J.A. (Tony) Patterson, Jr. recently joined the Board of Directors for the ABF and is a Montana Benefactor Fellow. He previously served as the President of the ABE and as the Montana State Chair for the Fellows. He was also the Chief Administrative Officer and General Counsel of Kalispell Regional Healthcare/Kalispell Regional Medical Center, an integrated healthcare system principally serving Northwest Montana. Before joining Kalispell Regional Healthcare, Tony was a partner in the Health Law Section of Fulbright & Jaworski L.L.P. (now Norton Rose Fulbright) in Dallas. He has more than 40 years of experience representing both business & individual clients in a broad range of real estate, joint venture, and contractual arrangement transactions. He served as a delegate of the Health Law Section of the American Bar Association to the ABA House of Delegates and was the Health Law Section’s Chair from 2004 to 2005. He is an active member of multiple legal and community groups, including the Glacier National Park Conservancy and the Shepherd’s Hand Free Clinic in Whitefish, Montana.
What does being a Fellow mean to you?
I loved being a lawyer and love “the law.” The law in our society provides the platform for everything we aspire to achieve and have achieved, individually and as a nation. But it is not perfect nor static. As a Fellow, and as a member of the Board of Directors of the ABF, I am proud to play a part in supporting relevant and rigorous research in the law, its development, and application that is so important to our future.
Where do you consider your home town and what is your favorite thing about it?
I consider Whitefish, Montana my hometown. It is where my wife, Marylou, and I live. It is in Northwest Montana near Glacier National Park. It is spectacularly beautiful and provides so many opportunities for the things I am most interested in.
Why did you decide to pursue a career in law?
Three things that happened in my Junior and Senior years in college principally influenced my decision to pursue a career in law. First, a lawyer involved in civil rights litigation during the Civil Rights Movement in “the Sixties” spoke to the student body about how the law was restricting, and providing the impetus of, the changes going on in our country. He particularly singled out the positive impact that Federal District Court Judge Frank Johnson in Birmingham Alabama was making despite the personal risks to himself and his family. Second, as student body vice-president I was responsible for working with a college dean to arrange concerts and other activities for the campus. I had an opportunity to review and discuss contracts with the dean and others. I thoroughly enjoyed that. Third, several close friends, particularly a roommate that I held, and hold, in high esteem, said they were going to law school, so if was good enough for them it must be good enough for me—and it was.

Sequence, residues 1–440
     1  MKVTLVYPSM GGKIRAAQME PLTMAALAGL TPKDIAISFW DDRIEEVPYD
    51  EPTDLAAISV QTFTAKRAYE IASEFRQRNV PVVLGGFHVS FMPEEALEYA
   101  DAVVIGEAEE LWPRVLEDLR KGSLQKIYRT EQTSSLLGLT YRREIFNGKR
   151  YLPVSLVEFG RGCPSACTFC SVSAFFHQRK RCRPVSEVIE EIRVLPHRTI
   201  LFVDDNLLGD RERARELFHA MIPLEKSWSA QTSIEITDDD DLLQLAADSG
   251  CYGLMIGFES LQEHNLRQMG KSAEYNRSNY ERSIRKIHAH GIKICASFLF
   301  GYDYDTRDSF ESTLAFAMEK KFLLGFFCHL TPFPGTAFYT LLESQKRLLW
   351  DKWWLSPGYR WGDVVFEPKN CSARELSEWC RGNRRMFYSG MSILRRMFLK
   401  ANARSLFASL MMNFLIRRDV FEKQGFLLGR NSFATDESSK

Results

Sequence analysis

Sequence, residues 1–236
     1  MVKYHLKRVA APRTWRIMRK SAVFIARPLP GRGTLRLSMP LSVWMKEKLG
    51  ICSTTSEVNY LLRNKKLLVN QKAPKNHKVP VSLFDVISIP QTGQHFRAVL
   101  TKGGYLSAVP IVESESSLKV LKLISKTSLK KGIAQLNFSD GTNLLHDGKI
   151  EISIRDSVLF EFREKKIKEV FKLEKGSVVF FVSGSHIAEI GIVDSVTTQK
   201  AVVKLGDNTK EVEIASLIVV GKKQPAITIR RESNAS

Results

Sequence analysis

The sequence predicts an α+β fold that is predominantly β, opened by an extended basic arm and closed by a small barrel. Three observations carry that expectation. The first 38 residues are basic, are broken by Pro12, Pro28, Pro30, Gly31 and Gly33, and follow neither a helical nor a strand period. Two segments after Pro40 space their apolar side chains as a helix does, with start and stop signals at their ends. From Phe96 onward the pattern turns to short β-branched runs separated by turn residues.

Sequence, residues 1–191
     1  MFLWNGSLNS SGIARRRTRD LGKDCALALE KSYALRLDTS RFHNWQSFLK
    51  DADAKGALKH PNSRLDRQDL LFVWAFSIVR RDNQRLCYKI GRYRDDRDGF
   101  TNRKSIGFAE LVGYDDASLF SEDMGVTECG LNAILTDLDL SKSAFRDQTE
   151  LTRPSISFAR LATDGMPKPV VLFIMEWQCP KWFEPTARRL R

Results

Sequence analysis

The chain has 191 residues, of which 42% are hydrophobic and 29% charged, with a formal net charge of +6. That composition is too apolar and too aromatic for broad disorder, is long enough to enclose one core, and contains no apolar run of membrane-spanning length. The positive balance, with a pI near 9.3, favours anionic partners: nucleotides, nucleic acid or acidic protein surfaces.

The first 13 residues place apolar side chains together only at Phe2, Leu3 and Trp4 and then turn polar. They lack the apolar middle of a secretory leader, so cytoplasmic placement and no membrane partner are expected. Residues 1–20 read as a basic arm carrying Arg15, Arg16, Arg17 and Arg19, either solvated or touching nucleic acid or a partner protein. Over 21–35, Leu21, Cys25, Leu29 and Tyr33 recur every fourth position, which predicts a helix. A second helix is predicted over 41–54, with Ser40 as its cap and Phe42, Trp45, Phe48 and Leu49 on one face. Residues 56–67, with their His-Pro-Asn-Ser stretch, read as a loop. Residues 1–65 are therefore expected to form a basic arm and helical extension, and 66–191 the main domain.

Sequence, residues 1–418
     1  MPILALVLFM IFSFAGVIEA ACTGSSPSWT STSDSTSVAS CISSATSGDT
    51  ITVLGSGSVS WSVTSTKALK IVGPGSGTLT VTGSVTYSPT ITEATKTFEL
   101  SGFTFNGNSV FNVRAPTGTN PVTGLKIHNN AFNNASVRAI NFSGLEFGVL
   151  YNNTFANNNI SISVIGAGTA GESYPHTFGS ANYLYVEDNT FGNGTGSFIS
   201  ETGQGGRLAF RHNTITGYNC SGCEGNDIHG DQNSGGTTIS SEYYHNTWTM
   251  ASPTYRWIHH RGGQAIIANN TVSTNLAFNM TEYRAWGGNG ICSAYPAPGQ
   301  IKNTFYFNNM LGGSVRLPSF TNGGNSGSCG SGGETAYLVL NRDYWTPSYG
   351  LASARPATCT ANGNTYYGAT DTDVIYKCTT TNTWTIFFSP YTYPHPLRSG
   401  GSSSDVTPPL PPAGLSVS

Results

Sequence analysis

If you hadn’t pursued a career in law, what would you have done?
That is a good and difficult question. I think if I had the ability and opportunity I would have pursued a career as a physician. I find the intellectual challenges in medicine fascinating and it provides a wonderful opportunity to help people in need.
What do you do in your free time?
Now that I am retired, I have a lot more of what may be called “free time.” Yet, I do not complete what is on my to-do list; but it is what I put on my to-do list not what others place on my to-do list! When asked what I am doing in retirement, I tell people I am in the investment business. They ask what firm I am with or other role I play in the investment business. I answer: I am investing in my grandchildren. Hopefully, providing experiences, opportunities, and an example to my grandchildren will serve them well in their lives. Beyond that, my principal personal interests are biking, fly fishing, reading (particularly history and philosophy), and alpine skiing.
Who is your professional hero?
My professional hero is Leon Jaworski. Although I clerked during law school and later practiced law at the firm of Fulbright & Jaworski, I never met Mr. Jaworski. Yet I became very familiar with his history as a lawyer and leader in the Bar and his community. His colleagues at the firm spoke often and proudly of his accomplishments and his commitment to the ideals of the law. He was the son of immigrants. He was President of the State Bar of Texas and the American Bar Association. He was wholly dedicated to seeing that the rule of law prevailed. Two instances stand out. When asked by Attorney General Robert Kennedy to prosecute Governor Ross Barnett of Mississippi for criminal contempt for refusing to obey the federal court order to admit James Meredith to the University of Mississippi, Mr. Jaworski accepted the representation, despite it being a highly controversial case at that time in our nation’s history. He stepped forward again when asked to take on the role of Special Prosecutor in the Watergate investigation after the initial Special Prosecutor, Archibald Cox, was fired by President Nixon. His dogged seeking of the facts of the involvement of President Nixon and close associates in the break in and cover up ultimately led to the resignation of a disgraced Nixon. His service to his clients, to the country, and to the profession serves as a fine example of a lawyer’s lawyer.
Anything else you’d like to share with us?
I have long believed that there is no greater calling than to be of service to others. As lawyers we have that opportunity every day, whether within or outside of our lawyer role.